But for the more serious reader, there are some serious pit-falls. The plot hinges too deeply on coincidence (starting with the hero falling from a tree right into the arms of the heroine). Moreover, the plot is quite transparently lacking in suspense. You know exactly what is happening even when the author goes out of her way to hide it. The characters are really mono-dimensional, character traits seem to be added in convenience and some of them are really cheesy. There is little or no depth and little or no growth in the character arcs. The romance is totally unbelievable, and seems to rely mostly on physical attraction even though the author goes out of her way to claim it is not. And as a package, the whole thing is a mess that will make most discerning readers drop the book.

Final thoughts: If you like sappy romances, read the book. Otherwise (and perhaps even if), this book is avoidable thanks the forgettable plot, flat characters and cheesy romance. Quinn fails to deliver.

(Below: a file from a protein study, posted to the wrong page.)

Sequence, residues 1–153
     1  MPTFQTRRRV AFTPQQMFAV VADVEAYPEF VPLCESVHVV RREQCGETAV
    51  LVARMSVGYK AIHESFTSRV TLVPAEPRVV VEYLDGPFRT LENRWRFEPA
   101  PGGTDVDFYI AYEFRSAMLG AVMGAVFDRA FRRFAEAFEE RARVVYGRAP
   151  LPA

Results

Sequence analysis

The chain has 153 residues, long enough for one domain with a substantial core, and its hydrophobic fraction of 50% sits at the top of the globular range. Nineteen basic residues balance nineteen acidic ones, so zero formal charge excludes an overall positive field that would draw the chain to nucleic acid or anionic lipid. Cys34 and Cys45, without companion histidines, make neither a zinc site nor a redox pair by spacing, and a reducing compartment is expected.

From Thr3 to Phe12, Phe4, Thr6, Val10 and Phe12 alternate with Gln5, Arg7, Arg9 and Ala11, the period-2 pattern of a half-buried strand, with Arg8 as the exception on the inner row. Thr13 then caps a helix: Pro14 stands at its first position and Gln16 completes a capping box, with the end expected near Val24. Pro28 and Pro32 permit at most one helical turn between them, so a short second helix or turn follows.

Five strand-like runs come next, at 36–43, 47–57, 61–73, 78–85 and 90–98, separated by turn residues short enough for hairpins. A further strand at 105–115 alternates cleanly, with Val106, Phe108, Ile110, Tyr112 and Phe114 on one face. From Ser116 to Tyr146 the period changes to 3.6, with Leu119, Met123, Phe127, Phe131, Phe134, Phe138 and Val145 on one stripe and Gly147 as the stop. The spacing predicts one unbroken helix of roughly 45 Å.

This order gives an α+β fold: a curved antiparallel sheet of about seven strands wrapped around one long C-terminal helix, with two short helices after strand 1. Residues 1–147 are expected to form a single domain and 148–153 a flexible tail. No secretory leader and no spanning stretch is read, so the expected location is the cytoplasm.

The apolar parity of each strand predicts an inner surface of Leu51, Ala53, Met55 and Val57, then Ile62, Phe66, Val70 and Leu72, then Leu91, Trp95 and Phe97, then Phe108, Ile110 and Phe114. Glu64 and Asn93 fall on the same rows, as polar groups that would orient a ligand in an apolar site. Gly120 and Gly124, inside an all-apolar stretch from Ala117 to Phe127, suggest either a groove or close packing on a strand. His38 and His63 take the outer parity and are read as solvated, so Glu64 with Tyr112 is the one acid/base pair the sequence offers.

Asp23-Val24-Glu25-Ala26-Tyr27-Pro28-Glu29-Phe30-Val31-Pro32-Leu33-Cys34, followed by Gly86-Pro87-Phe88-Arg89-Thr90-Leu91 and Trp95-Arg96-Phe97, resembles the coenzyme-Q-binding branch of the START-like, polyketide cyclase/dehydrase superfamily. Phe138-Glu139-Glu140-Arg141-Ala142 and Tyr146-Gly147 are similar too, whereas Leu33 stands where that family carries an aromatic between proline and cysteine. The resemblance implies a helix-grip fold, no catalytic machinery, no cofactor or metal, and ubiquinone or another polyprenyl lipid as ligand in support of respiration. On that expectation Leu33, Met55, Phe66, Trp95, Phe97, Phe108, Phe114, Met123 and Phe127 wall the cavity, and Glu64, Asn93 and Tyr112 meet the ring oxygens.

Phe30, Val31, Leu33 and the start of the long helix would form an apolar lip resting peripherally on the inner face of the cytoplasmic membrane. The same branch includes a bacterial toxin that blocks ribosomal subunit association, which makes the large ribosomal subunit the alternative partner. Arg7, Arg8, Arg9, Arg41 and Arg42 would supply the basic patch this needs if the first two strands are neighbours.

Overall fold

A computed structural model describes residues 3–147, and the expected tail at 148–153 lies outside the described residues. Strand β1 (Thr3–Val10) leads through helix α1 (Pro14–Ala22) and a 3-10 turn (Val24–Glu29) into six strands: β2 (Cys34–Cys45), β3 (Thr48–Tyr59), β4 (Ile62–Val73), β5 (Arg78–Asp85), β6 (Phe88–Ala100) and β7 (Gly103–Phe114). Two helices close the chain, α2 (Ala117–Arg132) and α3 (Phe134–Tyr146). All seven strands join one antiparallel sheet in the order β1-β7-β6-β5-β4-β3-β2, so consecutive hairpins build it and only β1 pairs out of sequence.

Other thoughts: I'm a little behind on the reviewing as opposed to the reading - and therefore I have loads of books lined up to review, from The Namesake to the Thousand Splendid Suns, Wedding Season and then of course The Hitchhiker's Guide to the Galaxy that I've just picked up, and The Color of Magic which I just found. Expect a lot of reviews in the next week.